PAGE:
British Airways cancels 10,000 flights: How to check if yours is affected.

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British Airways (BA) has cancelled more than 10,000 flights to and from London’s Heathrow Airport in the coming months.

Heathrow cut staff numbers during the pandemic and has struggled to cope with rising passenger numbers after most COVID-19 restrictions were removed. It has also had issues with its baggage handling system leading to long delays on luggage.

The airport, which is BA’s main hub, announced last week that it will be extending its daily cap of 100,000 passengers until 29 October. This was introduced to try and cope with staff shortages and reduce the number of flights being cancelled at the last minute.

A dozen round trips a day – a total of 1,258 flights – are being pulled before 29 October to comply with the extension of the cap.

An additional 10,000 flights have been axed between the end of October and March next year. The majority of the trips are to European tourist hotspots which are less popular with passengers during the winter.

A spokesperson for the airline said it was “protecting key holiday destinations over half term” and that a vast majority of passengers will travel as planned.

BA added that it was giving customers travelling this winter advance notice of changes to its flight schedule. Short haul destinations with multiple flights a day will see less services, resulting in an 8 per cent reduction to the airline’s schedule.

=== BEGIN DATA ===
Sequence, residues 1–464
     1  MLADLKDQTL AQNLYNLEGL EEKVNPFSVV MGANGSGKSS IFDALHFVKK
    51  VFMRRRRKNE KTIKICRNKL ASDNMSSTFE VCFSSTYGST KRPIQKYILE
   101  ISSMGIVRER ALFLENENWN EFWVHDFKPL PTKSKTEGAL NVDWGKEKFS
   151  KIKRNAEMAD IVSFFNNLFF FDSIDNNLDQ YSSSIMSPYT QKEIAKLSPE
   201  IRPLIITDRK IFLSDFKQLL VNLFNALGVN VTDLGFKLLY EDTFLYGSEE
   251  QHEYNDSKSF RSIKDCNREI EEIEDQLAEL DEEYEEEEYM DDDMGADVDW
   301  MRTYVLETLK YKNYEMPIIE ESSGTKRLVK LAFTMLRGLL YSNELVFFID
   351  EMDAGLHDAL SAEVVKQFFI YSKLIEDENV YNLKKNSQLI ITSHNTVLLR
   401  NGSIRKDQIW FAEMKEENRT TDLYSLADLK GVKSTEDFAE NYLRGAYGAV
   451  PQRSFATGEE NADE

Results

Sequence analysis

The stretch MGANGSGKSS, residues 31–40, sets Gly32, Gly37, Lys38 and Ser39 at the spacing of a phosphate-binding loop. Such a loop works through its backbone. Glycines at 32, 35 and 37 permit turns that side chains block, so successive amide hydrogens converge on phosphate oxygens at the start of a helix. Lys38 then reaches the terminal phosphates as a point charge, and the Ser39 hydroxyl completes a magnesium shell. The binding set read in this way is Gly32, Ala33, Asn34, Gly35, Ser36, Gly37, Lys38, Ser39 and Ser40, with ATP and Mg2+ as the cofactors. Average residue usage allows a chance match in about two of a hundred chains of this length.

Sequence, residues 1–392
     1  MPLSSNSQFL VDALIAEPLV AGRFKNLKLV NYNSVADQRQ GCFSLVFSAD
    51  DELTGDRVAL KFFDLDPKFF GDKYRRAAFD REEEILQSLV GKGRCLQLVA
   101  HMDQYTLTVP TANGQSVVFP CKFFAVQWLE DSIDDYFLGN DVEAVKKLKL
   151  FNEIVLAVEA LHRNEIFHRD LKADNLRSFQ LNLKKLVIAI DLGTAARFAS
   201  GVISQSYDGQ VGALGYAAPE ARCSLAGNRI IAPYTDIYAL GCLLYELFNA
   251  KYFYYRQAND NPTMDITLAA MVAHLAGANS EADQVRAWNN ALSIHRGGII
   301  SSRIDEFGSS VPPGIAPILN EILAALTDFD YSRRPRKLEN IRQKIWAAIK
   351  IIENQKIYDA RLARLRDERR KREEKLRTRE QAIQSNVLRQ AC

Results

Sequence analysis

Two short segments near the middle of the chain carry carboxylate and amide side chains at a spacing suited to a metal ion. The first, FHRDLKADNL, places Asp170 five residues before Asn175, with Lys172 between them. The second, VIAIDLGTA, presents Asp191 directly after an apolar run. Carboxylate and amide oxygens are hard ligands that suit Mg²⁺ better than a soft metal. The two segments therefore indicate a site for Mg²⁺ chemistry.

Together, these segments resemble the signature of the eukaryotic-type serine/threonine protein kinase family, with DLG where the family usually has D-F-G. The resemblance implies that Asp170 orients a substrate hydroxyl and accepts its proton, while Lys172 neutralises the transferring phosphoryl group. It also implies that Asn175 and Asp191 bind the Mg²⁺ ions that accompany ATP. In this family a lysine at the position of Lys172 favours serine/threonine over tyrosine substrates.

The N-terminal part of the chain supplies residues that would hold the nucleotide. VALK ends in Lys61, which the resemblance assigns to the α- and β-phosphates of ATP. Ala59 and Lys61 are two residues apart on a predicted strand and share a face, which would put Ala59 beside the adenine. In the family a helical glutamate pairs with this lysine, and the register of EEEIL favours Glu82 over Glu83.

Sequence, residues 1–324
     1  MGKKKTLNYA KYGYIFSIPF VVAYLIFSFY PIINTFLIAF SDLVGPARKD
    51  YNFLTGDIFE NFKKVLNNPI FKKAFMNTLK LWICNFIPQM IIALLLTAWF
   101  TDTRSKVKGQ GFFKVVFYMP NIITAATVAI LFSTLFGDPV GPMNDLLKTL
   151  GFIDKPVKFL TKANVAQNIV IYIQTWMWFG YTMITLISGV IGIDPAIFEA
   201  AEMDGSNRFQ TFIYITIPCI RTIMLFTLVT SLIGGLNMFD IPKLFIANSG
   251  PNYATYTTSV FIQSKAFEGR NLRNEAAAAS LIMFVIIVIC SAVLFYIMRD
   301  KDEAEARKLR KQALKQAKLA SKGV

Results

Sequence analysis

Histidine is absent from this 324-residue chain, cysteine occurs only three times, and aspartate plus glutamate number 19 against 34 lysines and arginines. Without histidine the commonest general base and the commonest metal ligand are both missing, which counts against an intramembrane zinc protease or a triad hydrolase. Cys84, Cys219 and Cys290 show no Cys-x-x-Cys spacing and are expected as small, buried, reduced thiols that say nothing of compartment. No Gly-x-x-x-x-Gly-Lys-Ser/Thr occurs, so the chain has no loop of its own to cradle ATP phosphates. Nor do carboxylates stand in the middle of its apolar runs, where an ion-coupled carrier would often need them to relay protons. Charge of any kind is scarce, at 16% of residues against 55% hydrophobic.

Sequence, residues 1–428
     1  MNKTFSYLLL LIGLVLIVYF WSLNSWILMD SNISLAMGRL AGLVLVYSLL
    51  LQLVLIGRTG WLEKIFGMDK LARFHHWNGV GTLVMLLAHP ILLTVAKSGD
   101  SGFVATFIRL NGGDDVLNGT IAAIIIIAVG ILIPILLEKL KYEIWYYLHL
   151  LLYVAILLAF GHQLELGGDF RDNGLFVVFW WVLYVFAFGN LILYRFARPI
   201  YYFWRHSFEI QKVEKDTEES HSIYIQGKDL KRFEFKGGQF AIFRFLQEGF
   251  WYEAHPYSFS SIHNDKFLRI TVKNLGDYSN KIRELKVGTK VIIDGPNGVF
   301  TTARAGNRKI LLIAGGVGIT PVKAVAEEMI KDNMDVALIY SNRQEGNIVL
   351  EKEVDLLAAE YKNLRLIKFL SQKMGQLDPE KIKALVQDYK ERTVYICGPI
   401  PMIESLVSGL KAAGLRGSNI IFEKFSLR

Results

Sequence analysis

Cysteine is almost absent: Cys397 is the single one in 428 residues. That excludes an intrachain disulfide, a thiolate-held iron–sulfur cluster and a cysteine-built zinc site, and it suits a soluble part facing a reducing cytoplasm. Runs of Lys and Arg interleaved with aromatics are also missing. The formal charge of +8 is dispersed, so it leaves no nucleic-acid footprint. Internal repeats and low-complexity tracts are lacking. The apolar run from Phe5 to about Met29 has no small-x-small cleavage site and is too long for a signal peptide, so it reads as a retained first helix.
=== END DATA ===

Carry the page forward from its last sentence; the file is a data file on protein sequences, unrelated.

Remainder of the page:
“We’ll be offering customers affected by any of these changes an alternative flight with British Airways or another airline, or the option of a refund,” the airline said, adding that passengers were being given several months’ notice of the changes.

Gatwick removes its cap on capacity

In contrast, Gatwick – the UK’s second largest airport – has just announced that it will not be continuing its summer capacity cap beyond the end of this month.

Chief executive officer of the airport Stewart Wingate said that unprecedented growth in traffic had led to operational issues in June. “Decisive early action” to introduce a capacity limit, however, has ensured passengers have experienced reliable flight timetables this summer.

“We are now very much operating business as usual and do not see any reason to extend the capacity declaration,” he added.

The airport revealed that strong demand from passengers has helped to accelerate its recovery from the effects of the pandemic. More than 400 new security staff have been recruited to help deal with delays. Gatwick has also loaned staff including baggage handlers to other airport operators struggling to cope with an influx of passengers.

With 40 new long haul routes to destinations including New York, Hanoi and Boston, the airport is reporting “cautious optimism” for the rest of the year.

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